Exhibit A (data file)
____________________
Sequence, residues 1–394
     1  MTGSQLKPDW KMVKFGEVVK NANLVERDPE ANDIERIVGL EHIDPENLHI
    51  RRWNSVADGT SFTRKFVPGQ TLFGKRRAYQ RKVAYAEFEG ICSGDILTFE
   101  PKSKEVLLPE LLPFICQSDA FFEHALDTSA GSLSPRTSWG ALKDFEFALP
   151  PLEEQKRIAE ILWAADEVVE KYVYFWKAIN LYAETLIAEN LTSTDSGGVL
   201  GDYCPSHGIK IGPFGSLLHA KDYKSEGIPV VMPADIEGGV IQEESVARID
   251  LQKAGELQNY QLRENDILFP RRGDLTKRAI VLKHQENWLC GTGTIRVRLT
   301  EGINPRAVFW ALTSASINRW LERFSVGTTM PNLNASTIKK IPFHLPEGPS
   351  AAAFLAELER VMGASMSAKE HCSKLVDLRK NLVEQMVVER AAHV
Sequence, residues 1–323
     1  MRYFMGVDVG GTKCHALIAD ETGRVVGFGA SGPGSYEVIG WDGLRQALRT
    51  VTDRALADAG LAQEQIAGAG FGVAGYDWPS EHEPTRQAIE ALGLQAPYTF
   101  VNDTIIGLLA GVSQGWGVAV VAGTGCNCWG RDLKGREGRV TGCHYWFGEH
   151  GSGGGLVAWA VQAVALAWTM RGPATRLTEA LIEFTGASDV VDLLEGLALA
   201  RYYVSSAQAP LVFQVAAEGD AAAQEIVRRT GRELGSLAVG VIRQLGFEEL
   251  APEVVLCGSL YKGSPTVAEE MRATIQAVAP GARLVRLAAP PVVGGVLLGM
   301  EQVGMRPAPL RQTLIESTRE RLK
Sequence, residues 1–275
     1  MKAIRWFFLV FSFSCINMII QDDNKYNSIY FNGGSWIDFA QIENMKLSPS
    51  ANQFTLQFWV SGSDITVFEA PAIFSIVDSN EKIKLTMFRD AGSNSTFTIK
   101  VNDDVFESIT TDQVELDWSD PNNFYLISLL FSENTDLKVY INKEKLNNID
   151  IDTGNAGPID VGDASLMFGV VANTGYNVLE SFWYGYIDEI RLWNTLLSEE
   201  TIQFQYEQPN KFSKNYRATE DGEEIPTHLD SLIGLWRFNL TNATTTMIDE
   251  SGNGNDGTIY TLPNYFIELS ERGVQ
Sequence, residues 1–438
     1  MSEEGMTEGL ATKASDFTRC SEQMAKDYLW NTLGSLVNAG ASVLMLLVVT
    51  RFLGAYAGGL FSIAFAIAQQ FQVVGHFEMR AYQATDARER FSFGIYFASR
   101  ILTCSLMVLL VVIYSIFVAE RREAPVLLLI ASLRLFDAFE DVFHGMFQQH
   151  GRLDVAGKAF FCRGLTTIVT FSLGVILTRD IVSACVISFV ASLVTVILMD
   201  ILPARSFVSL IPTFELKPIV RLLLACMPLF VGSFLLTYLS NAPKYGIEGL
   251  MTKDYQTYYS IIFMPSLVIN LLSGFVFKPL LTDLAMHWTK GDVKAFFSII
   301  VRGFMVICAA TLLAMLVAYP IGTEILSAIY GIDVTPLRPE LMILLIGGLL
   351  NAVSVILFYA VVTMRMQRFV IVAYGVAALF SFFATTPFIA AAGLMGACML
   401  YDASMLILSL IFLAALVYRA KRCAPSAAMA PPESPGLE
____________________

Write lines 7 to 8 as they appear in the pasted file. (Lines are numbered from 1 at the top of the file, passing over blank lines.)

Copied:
   251  LQKAGELQNY QLRENDILFP RRGDLTKRAI VLKHQENWLC GTGTIRVRLT
   301  EGINPRAVFW ALTSASINRW LERFSVGTTM PNLNASTIKK IPFHLPEGPS